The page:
Meditation

meditation, religious discipline in which the mind is focused on a single point of reference. It may be a means of invoking divine grace, as in the contemplation by Christian mystics of a spiritual theme, question, or problem; or it may be a means of attaining conscious union with the divine, e.g., through visualization of a deity or inward repetition of a prayer or mantra (sacred sound). Some forms of meditation involve putting the body in a special position, such as the seated, cross-legged lotus position, and using special breathing practices. Employed since ancient times in various forms by all religions, the practice gained greater notice in the postwar United States as interest in Zen Buddhism rose. In the 1960s and 70s the Indian Maharishi Mahesh Yogi popularized a mantra system known as Transcendental Meditation. Meditation is now used by many nonreligious adherents as a method of stress reduction; it is known to lessen levels of cortisol, a hormone released in response to stress. The practice has been shown to enhance recuperation and improve the body's resistance to disease.

The Columbia Encyclopedia, 6th ed. Copyright© 2015, The Columbia University Press.

Meditation: Selected full-text books and articles

Meditations to Transform the Mind By Dalai Lama Bskal-bzayn-rgya-mtsho; Glenn H. Mullin Snow Lion Publications, 1999
The Practitioner's Guide to Mediation: A Client-Centered Approach By Stephen K. Erickson; Marilyn S. McKnight Wiley, 2001
Buddhist Meditation By Edward Conze George Allen and Unwin, 1956
Meditation and Psychotherapy: An Effective Combination By La Torre, Mary Anne Perspectives in Psychiatric Care, Vol. 37, No. 3, July-September 2001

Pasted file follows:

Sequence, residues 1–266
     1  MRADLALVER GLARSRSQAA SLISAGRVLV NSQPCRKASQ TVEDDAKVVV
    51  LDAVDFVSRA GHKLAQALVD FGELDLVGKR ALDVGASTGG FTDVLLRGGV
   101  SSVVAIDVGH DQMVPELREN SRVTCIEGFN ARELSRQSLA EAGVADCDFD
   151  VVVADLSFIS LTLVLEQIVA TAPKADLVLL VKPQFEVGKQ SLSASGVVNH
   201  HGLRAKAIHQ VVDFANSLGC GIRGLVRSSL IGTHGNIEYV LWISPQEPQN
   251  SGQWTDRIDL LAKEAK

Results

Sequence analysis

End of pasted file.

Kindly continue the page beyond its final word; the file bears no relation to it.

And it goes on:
PEER-REVIEWED PERIODICAL
Peer-reviewed publications on Questia are publications containing articles which were subject to evaluation for accuracy and substance by professional peers of the article's author(s).
Textbook of Transpersonal Psychiatry and Psychology By Bruce W. Scotton; Allan B. Chinen; John R. Battista Basic Books, 1996
Librarian’s tip: Chap. 11 "The Contribution of Hinduism and Yoga to Transpersonal Psychiatry" and Chap. 17 "Meditation Research: The State of the Art"
Meditation and Prayer: A Comparative Inquiry By Gross, Rita M Buddhist-Christian Studies, Annual 2002
PEER-REVIEWED PERIODICAL
Peer-reviewed publications on Questia are publications containing articles which were subject to evaluation for accuracy and substance by professional peers of the article's author(s).
Zen Art for Meditation By Stewart W. Holmes; Chimyo Horioka Tuttle Publishing, 1973
Thoughts without a Thinker: Psychotherapy from a Buddhist Perspective By Mark Epstein BasicBooks, 1995
Librarian’s tip: Part II "Meditation"
The Vision of Buddhism: The Space under the Tree By Roger J. Corless Paragon House, 1989
Librarian’s tip: "Meditation: The Centered Mind" begins on p. 144
Stages of Meditation By Kamalashila; Venerable Geshe Lobsang Jordhen; Losang Choephel Ganchenpa; Jeremy Russell Snow Lion, 2001
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